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Baillieres Clin Endocrinol Metab. 1994 Jul;8(3):629-60.

Dyslipidaemia and obesity.

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  • 1Lipid Research Center, CHUL Research Center, Ste-Foy, Quebec, Canada.


Obesity is frequently associated with a dyslipidaemic state. Several metabolic and epidemiological studies published in the 1980s have, however, emphasized the importance of considering the regional distribution of body fat in the assessment of the health hazards of obesity. The development of imaging techniques such as computed tomography has also allowed it to be established that the fat located in the abdominal cavity, i.e. the visceral adipose tissue, was the critical correlate of the metabolic complications found in abdominal obesity which include insulin resistance and hyperinsulinaemia, glucose intolerance, hypertriglyceridaemia, hypoalphalipoproteinaemia and increased concentrations of dense LDL particles. Furthermore, since several genes are involved in the regulation of plasma lipoprotein-lipid levels and they have been reported to show polymorphism, visceral obesity should be considered as a permissive factor that exacerbates an individual's susceptibility to dyslipidaemia and premature coronary heart disease rather than a primary regulator of the dyslipidaemic state observed in visceral obese patients. Finally, as insulin resistance and the level of visceral adipose tissue are two main correlates of the dyslipidaemic state which characterizes abdominal obesity, treatment should be aimed at reducing visceral fat and improving insulin sensitivity. Prospective studies are clearly warranted to evaluate the potential benefits of such interventions on the incidence of coronary heart disease.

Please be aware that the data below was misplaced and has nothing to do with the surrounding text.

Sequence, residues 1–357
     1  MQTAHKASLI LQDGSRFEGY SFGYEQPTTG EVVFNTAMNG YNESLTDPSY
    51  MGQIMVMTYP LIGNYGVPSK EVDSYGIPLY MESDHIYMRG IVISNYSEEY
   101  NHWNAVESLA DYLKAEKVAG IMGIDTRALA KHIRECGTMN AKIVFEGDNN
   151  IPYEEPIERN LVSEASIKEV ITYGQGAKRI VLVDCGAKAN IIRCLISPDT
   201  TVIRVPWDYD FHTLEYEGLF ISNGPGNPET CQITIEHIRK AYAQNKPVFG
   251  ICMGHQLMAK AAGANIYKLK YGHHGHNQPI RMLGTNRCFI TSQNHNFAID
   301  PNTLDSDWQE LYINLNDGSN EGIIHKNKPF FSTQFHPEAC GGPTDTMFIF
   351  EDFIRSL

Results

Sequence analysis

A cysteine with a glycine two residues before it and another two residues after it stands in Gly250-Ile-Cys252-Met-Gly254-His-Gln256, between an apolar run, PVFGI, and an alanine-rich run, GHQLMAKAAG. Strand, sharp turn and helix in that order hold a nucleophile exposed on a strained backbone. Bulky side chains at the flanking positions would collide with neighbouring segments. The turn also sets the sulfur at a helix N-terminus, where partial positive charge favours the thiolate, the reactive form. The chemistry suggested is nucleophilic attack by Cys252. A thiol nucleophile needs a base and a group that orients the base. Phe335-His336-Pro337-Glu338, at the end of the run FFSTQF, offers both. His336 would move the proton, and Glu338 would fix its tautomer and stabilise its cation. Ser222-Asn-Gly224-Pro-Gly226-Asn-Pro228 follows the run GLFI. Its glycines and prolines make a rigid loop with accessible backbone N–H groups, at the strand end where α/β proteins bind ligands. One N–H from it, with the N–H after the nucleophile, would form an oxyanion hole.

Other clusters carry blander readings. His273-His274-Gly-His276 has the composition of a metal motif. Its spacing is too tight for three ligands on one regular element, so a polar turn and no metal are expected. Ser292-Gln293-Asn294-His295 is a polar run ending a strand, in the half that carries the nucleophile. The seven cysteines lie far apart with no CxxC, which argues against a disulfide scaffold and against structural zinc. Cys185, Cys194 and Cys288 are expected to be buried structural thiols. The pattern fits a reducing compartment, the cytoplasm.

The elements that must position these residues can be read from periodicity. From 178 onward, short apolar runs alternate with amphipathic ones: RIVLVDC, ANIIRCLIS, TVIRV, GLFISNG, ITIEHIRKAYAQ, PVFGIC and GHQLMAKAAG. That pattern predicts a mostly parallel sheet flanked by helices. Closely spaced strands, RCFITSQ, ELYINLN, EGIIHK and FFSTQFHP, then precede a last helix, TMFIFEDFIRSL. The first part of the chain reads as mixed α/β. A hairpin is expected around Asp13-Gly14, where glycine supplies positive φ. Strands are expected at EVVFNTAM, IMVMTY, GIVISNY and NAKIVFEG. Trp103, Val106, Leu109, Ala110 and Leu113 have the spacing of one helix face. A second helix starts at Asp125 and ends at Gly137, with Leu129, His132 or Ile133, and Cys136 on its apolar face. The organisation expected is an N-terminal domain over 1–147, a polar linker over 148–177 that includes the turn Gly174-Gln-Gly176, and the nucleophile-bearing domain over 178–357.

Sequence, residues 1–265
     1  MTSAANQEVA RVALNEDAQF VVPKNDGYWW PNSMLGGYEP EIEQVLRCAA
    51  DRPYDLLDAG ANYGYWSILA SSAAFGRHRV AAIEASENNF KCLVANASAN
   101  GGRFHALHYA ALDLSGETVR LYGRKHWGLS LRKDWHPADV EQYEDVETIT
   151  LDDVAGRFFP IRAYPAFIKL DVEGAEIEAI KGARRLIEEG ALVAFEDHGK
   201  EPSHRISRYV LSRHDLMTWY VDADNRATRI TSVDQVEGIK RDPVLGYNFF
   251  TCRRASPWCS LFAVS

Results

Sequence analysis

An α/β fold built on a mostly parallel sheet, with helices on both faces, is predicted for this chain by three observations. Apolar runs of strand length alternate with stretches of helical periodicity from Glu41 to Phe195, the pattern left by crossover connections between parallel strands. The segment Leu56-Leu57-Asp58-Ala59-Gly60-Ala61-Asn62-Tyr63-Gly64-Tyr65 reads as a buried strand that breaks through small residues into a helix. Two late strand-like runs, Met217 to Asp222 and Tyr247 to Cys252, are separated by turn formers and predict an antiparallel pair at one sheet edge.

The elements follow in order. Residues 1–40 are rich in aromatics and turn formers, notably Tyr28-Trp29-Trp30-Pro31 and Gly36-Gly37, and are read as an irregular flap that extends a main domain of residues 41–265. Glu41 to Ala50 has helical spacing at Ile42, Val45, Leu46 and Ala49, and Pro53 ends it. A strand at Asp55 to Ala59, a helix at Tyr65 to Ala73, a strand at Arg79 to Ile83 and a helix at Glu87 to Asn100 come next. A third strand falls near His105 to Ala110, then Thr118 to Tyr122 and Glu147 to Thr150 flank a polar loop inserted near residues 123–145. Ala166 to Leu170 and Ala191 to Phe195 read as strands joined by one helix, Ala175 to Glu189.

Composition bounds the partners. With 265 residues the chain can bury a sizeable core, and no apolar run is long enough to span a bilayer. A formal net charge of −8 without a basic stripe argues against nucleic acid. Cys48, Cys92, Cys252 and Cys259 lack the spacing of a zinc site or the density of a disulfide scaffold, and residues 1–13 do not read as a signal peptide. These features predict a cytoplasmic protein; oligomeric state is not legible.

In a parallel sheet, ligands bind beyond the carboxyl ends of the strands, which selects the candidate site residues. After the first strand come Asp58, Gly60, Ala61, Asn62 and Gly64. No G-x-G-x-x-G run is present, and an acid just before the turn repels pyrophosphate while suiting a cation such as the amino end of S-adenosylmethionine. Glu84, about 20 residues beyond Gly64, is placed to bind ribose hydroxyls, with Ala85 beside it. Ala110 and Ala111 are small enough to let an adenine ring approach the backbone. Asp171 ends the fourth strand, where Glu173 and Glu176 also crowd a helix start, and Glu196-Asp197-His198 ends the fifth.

[PubMed - indexed for MEDLINE]
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